A lawyer for Hadi Matar, 24, entered the plea on his behalf during a formal hearing at a court in western New York.
Matar appeared in court wearing a black and white jumpsuit and a white face mask, with his hands cuffed in front of him.
A judge ordered him to be held without bail after district attorney Jason Schmidt told her Matar took steps to purposely put himself in a position to harm Sir Salman, getting an advance pass to the event where the author was speaking and arriving a day early with a fake ID.
“This was a targeted, unprovoked, pre-planned attack on Mr Rushdie,” Mr Schmidt said.
Public defender Nathaniel Barone said the authorities had taken too long to get Matar in front of a judge, while leaving him “hooked up to a bench at the state police barracks”.
“He has that constitutional right of presumed innocence,” Mr Barone added.
Who is Salman Rushdie and why is he controversial?
Born in Bombay, British India, in 1946, he is an author whose work combines magical realism with historical fiction.
His second novel Midnight’s Children won the Booker Prize in 1981 - it has since been deemed the “best winner of all time” on two occasions, marking the award’s 25th and 40th anniversaries.
However, he sparked controversy with his fourth novel The Satanic Verses which was published in 1988.
The book was accused of blasphomy by Muslims and of mocking their faith.
It sparked protests and outrage following its publication - it has been banned in Iran since 1988 and it is also banned in India for hate speech.
Iran’s late leader Ayatollah Ruhollah Khomeini issued a fatwa, or edict, calling for Sir Salman’s death in 1989.
Why are The Satanic Verses so controversial?
The book is accused of blasphomy, in particular because parts of the novel reference events in the Quran.
In the Muslim faith, the Prophet Muhammed was visited by the angel Gibreel over a 22 year period and he recited God’s words to the prophet.
The Conversation reports that in The Satanic Verses, a character Gibreel Farishta becomes his name sake Gibreel in a series of dreams and “encounters another central character in ways that echo Islam’s traditional account of the angel’s encounters with Muhammed”.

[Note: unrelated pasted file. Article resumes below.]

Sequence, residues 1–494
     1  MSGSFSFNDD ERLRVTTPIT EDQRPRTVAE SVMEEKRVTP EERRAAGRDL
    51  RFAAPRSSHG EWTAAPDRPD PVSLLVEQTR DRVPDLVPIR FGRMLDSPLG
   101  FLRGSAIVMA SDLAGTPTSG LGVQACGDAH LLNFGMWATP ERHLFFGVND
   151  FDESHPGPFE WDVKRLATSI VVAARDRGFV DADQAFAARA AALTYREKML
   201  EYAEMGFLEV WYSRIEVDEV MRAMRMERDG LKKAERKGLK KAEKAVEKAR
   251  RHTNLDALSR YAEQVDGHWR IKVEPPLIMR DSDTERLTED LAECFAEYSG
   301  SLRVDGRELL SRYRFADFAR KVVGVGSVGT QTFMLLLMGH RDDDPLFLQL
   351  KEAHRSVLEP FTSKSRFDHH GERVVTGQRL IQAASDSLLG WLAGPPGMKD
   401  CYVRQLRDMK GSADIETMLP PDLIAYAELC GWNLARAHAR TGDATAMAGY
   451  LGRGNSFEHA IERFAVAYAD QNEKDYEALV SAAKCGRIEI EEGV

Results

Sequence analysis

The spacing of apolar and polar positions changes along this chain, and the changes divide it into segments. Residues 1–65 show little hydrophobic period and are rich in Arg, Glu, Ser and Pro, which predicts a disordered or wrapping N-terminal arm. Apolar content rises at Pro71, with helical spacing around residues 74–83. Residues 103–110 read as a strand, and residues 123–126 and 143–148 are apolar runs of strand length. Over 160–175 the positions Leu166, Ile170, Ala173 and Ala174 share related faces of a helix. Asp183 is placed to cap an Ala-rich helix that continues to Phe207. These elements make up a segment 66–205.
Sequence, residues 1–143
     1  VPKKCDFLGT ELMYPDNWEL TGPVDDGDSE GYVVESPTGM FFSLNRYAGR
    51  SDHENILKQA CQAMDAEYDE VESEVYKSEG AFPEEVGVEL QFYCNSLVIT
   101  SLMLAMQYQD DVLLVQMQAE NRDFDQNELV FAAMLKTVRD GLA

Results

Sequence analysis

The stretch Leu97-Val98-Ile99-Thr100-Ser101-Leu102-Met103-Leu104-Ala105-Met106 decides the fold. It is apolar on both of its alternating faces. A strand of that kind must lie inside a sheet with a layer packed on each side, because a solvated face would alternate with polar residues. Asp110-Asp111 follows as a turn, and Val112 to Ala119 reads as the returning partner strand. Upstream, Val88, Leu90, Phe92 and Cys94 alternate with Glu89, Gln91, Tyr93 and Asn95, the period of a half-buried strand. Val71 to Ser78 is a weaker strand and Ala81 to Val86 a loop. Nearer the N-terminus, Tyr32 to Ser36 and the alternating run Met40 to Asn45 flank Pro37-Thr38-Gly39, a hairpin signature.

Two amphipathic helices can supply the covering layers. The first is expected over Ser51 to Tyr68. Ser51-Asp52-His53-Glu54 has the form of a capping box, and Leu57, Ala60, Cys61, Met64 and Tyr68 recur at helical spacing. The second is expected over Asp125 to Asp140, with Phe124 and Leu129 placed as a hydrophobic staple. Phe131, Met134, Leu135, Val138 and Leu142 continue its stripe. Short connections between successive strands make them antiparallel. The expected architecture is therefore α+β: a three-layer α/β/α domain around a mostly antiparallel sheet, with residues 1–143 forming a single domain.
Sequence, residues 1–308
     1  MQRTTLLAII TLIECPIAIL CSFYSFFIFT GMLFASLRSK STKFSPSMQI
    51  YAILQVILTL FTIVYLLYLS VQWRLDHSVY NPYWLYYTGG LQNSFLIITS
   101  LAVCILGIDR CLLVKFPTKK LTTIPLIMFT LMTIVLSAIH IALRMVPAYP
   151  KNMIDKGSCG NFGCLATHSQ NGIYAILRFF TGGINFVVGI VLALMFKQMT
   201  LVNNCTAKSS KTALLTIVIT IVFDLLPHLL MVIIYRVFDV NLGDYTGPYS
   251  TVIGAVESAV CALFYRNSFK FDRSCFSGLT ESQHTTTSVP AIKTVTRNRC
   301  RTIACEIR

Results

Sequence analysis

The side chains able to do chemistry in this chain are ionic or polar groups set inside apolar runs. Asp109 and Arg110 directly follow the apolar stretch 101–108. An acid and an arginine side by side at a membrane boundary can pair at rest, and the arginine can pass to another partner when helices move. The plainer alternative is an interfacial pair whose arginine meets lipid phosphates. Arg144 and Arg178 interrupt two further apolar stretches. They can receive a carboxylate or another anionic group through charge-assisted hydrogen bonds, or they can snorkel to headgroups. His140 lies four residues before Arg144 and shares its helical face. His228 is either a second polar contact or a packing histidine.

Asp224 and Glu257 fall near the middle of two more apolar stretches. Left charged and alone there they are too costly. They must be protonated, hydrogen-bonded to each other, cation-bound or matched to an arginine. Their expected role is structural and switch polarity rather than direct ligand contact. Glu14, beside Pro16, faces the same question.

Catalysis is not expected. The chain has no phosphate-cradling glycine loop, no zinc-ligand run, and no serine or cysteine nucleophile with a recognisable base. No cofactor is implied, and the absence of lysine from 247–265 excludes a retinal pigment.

Another controversial part of the novel is the fact that Rushdie choses to use a provocative name for Muhammed - using Mahound, which was “an alternative name for Muhammed sometimes used during the Middle Ages by Christians who considered him a devil.”
In the book, Mahound “puts his own words into the angel Gibreel’s mouth and delivers edicts to his followers that conveniently bolster his self-serving purposes”, which outraged Muslims because it implies that rather than God, the Prophet Muhammed is himself the source of revealed truths.
Many protests were held against the book, including one in Bradford in 1989 were a public book burning took place.
What is a fatwa?
In 1989, a year after the publication of the book, Iran’s then leader Ayatollah Ruhollah Khomeini issued a fatwa, or edict, calling for Sir Salman’s death.
It came after a violet riot protesting the book in Pakistan.
According to Merriam Webster, a fatwa is “a legal opinion or decree handed down by an Islamic religious leader”.
Following the issuing of the fatwa, Sir Salman spent years living in hiding.
There have been attempts to revoke the fatwa, including in 1998 as part of an effort to restore diplomatic relations between UK and Iran.
However in 2006, the Iranian state news agency reported that the fatwa will remain in place permanently because only the person who had issued it could revoke it and Ayatollah Khomeini had died.
Why was Salman Rushdie in New York?
Sir Salman was due to speak to Henry Reese, from the City of Asylum organisation, a residency programme for writers living in exile under threat of persecution, when he was attacked.
They were due to discuss America’s role as an asylum for writers and other artists in exile and as a home for freedom of creative expression.
The Chautauqua Institution, which was hosting the lecture, tweeted about the incident, writing: “We ask for your prayers for Salman Rushdie and Henry Reese, and patience as we fully focus on co-ordinating with police officials following a tragic incident at the amphitheatre today.”
Its president Michael Hill said: “What we experienced at Chautauqua today is an incident unlike anything in our nearly 150-year history.
“We were founded to bring people together and community to learn and in doing so, to create solutions through action, to develop empathy and to take on intractable problems.
“Today now we’re called to take on fear and the worst of all human traits – hate.”